The time Roger Ebert got angry (video)

The video is only a minute long, but it’s an interesting side of Roger Ebert, who passed away a few days ago.

It’s an interesting video, and the audience reaction, and the reaction online to it, are interesting as well. People universally support Ebert.

But when I watched the video, I thought of gay Republicans. And black conservatives. And people who say, how dare we judge them, how dare we expect something of them politically because of their sexual orientation or their race. I’m curious what folks think, whether that’s the same thing as what happened in this video.

rober-ebert

First some background on the video, via Movies.com:

One of the more infamous post-screening outbursts to occur at Sundance came back in 2002 directly following the third screening of a film called Better Luck Tomorrow, which introduced the film world to a director named Justin Lin. The crime drama (partly based off the real-life murder of a teenager from Orange County) was certainly unique in that it featured an all Asian-American cast full of characters who were slick, smart, disillusioned and up to no good. This didn’t sit well with some who thought Lin’s portrayal of Asian-Americans was shallow and disrespectful. One guy took his concerns a step further by grilling Lin and his cast following the film’s Sundance screening, to the point where critic Roger Ebert stood up and defended the hell out of it in a moment that proves there’s nothing quite like a spirited and passionate discussion of a movie with the audience and filmmakers immediately after it screens.

And here’s some of the transcript:

Audience Member #1: I’m really depressed from the film. Because, one it looks very good. Two, the actors are very good. You know how to make a movie. But why would you, with the talent up there, and yourself, make a film that is so empty, amoral for Asian-Americans and for Americans. I mean this is a cliché. We’ve seen it too many times at Sundance. Why don’t you challenge yourself to really look inside and see what matters to you and the writers.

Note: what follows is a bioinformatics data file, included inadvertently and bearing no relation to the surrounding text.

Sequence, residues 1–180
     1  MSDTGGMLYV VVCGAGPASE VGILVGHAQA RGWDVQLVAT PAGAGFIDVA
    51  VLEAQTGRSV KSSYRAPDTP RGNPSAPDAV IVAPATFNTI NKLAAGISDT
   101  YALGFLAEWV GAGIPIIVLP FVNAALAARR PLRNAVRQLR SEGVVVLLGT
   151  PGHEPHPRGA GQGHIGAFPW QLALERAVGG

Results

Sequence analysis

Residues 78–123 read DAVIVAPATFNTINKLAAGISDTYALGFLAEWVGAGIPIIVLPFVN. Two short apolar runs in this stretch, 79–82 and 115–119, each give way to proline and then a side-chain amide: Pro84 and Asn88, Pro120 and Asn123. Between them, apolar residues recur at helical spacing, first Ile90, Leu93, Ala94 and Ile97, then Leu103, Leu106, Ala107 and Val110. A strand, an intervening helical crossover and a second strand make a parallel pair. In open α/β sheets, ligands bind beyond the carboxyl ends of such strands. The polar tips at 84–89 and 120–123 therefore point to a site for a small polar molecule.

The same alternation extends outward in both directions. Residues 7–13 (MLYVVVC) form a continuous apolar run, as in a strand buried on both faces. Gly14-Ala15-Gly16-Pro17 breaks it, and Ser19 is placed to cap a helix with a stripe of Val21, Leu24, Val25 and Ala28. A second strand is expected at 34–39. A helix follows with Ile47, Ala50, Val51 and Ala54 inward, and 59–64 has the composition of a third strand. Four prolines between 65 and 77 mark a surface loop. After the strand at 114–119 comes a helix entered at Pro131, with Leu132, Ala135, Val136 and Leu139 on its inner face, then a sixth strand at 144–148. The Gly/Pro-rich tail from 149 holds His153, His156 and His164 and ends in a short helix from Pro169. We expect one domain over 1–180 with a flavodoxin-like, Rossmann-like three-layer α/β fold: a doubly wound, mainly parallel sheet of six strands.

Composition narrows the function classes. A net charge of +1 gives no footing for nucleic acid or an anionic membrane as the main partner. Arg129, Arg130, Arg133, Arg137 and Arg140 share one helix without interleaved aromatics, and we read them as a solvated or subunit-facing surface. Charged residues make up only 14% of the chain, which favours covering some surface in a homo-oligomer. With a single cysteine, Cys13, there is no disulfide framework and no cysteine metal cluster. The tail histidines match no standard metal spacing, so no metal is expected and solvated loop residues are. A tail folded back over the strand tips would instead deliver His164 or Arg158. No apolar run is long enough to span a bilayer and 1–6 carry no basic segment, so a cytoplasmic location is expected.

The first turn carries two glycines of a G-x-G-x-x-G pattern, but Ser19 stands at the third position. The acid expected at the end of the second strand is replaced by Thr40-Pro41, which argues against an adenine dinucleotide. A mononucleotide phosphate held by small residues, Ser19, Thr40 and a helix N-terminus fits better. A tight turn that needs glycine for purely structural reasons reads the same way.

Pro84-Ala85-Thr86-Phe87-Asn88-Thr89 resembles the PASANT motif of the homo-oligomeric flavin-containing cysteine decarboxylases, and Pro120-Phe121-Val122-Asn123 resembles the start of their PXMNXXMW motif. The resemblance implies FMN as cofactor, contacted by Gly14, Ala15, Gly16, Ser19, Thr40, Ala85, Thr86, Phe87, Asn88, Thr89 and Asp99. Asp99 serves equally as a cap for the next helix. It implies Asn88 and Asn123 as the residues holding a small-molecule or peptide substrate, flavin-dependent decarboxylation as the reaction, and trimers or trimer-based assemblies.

Roger Ebert: I was on a panel today with Chris Eyre, the Native-American director. And he said, that for a long time, his people, American Indians, had always had to play some kind of a function, like they were the source of spirituality, or the source of great wisdom and they spoke to the trees and the wind and so forth. And he wanted to make a movie that allowed Native Americans to be people. People in some cases who are alcoholics or who are vigilantes, or in prison (music interrupts) And what I find very offensive and condescending about your statement, is nobody would say to a bunch of white filmmakers, “How could you do this to your people?” This film has the right to be about these people and Asian-American characters have the right to be whoever the hell they want to be. They do not have to “represent” their people.

I don’t know the film, so I don’t have a strong opinion about it or what this guy said. I can say that the argument sounds a lot like the argument gay Republicans use to justify harming our community – it’s also the argument that apathetic gay people, or any minority, uses to excuse not doing more to help their community.

And as for the argument as to white people and their community, that’s a red herring, IMHO. Of course no one asks white people about betraying “their community” because it would be racist of white people to push white pride. It’s not bigoted for a gay person to push gay pride.